On Oct. 14, 1902, 53 residents of a small outpost on the Gulf of Mexico met to create a new town, Sarasota. When they disbanded long after midnight, they had hammered out the municipality’s first charter, selected J. Hamilton Gillespie, a Scottish settler, as the town’s first mayor, and decided upon a town motto (“May Sarasota Prosper”) and a town seal. Recorded first in a crude hand drawing, the seal depicted everything that up to that point had made Sarasota special: a ray-spouting sun rising over a row of palmettos and shell-strewn waters, with a mullet swimming in the foreground.
Few people know it, but a more refined version of that original image remains the official seal of the City of Sarasota and is still used on official documents and proclamations. The image is emblazoned in the terrazzo floor of downtown’s city-owned Federal Building; a modified version on a patch is still worn today by Sarasota Police Department officers.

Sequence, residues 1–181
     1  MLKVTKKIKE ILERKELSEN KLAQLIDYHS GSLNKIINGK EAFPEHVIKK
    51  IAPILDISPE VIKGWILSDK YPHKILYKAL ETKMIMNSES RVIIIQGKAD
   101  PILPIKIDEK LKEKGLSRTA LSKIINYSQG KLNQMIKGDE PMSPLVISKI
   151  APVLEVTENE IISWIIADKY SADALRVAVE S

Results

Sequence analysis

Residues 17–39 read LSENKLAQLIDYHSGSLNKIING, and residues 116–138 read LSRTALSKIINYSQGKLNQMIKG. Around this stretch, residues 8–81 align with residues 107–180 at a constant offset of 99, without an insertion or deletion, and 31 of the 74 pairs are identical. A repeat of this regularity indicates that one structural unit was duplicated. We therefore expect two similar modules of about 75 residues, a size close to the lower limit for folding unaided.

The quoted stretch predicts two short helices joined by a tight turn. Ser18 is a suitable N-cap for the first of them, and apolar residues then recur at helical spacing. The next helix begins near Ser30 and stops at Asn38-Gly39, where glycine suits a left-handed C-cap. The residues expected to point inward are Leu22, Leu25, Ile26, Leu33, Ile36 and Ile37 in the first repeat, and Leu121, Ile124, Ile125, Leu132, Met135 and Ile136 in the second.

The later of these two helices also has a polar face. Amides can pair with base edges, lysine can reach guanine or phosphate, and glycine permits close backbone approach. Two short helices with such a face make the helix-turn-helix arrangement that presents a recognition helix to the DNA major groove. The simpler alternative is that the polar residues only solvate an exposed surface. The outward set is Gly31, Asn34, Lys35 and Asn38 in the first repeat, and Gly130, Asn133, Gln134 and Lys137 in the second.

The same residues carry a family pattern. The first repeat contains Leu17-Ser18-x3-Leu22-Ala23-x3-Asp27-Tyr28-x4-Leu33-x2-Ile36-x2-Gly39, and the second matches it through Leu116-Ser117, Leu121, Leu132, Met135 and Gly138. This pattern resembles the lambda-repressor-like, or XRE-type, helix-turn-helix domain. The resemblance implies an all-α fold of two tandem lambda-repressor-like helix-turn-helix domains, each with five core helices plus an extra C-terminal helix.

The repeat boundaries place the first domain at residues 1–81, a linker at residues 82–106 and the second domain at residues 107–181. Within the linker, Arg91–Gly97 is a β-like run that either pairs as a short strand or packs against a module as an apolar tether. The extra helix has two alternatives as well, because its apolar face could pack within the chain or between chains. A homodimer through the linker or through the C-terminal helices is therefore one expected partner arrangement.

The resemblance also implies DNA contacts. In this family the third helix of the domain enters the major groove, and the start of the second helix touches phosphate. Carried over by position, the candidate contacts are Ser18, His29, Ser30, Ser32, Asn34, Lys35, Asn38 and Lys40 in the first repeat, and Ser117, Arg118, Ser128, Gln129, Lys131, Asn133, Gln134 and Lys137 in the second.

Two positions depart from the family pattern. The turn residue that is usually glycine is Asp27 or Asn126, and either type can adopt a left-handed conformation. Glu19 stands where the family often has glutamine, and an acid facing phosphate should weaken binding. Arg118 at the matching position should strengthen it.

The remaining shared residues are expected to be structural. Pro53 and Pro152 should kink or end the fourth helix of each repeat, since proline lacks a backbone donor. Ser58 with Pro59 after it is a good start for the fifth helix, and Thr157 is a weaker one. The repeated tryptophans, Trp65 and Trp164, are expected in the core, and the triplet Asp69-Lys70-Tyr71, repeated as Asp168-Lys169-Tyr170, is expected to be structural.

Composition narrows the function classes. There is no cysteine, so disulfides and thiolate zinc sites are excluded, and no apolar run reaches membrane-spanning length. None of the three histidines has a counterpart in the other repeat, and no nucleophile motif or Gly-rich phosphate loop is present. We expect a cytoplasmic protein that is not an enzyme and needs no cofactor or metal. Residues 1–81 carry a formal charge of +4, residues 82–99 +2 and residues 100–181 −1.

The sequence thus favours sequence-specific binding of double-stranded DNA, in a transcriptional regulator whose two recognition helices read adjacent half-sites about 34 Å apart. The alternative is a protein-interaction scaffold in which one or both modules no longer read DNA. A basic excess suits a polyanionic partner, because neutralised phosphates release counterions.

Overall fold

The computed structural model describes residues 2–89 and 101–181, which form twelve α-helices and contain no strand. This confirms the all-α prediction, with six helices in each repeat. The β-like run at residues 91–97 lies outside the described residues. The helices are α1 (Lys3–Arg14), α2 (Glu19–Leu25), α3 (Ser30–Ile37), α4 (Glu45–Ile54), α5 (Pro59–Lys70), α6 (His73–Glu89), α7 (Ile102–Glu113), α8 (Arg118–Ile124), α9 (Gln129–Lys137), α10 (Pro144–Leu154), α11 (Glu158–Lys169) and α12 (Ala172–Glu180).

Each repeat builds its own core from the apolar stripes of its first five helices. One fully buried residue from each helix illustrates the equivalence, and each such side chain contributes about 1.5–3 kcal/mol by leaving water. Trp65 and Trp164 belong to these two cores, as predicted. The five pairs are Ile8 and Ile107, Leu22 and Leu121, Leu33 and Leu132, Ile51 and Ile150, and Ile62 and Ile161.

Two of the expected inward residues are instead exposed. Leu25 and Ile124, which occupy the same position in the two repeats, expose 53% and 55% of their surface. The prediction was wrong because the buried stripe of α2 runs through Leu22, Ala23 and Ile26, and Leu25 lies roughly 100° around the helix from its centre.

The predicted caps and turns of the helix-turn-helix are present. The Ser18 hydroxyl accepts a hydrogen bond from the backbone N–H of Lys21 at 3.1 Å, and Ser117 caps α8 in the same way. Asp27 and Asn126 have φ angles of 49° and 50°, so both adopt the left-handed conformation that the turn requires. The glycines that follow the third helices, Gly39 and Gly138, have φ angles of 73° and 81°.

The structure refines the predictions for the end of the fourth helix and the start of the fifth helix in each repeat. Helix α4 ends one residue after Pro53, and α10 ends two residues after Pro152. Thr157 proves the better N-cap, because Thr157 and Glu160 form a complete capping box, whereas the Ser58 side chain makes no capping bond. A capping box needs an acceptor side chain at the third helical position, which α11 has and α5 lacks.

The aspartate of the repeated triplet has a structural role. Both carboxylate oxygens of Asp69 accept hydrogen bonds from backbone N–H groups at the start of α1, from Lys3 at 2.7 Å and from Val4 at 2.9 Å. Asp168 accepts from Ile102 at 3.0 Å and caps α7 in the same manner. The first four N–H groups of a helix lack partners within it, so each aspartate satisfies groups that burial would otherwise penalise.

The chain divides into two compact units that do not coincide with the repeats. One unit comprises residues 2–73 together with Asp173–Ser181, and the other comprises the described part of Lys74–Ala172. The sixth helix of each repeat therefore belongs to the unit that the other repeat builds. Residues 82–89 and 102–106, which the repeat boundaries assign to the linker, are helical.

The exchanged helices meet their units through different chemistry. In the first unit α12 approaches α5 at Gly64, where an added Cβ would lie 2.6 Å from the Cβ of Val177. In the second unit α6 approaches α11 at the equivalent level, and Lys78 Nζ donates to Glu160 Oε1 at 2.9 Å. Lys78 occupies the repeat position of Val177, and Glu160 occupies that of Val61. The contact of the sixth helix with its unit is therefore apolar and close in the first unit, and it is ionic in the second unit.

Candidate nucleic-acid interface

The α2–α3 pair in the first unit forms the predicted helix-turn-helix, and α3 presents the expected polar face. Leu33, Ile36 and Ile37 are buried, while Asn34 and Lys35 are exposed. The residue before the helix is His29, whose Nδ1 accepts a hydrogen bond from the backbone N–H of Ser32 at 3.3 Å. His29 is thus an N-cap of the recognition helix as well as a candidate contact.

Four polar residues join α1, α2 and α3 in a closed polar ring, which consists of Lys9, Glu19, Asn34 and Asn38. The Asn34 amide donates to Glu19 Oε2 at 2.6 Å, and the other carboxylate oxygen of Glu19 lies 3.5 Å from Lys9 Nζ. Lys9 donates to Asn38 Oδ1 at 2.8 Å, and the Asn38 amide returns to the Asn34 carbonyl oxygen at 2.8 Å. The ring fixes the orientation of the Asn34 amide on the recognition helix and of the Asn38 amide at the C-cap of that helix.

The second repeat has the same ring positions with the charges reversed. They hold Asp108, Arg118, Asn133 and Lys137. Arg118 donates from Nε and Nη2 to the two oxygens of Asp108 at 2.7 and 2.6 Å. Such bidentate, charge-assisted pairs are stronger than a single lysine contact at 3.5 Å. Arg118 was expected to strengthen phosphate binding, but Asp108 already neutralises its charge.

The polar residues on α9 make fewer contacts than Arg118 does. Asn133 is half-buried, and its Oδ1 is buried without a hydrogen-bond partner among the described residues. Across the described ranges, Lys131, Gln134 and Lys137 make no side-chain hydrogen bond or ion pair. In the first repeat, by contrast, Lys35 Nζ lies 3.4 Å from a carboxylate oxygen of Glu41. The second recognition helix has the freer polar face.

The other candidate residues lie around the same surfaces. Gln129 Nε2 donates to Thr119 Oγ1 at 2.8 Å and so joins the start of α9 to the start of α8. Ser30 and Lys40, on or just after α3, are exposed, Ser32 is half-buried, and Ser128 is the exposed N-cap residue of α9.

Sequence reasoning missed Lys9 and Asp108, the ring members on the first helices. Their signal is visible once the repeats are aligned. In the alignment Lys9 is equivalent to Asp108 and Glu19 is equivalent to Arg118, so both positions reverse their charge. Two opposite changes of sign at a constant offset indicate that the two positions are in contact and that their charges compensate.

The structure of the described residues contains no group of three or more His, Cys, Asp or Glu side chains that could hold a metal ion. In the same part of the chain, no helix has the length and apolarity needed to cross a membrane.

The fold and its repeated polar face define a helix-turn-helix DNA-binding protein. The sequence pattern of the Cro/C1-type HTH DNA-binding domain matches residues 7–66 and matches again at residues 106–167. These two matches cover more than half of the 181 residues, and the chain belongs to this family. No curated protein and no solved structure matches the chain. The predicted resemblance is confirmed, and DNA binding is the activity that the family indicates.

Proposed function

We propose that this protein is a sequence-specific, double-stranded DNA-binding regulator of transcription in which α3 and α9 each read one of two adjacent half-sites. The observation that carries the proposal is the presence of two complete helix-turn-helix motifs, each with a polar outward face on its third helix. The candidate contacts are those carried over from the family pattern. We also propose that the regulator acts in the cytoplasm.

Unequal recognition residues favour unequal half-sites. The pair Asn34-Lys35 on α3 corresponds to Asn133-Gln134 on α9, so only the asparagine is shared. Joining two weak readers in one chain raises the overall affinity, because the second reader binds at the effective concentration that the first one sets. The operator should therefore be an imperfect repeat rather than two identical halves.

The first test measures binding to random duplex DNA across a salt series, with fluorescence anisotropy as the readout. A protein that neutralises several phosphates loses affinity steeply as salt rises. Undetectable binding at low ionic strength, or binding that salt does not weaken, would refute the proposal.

Still, when residents think of the image of the City of Sarasota, it’s Michelangelo’s David that comes to mind. While still maintaining the mullet as its official seal, in 1988 the City Commission adopted a rendering of the David as the city’s new “logo.”
That could change. Two years ago, the city began exploring the possibility of rebranding, which included rethinking its use of the David as its primary image. I can think of no better representation of the charms of Sarasota than those laid out in the city’s original seal, with the beautiful, flavorful, iconic mullet front and center. May Sarasota prosper once again.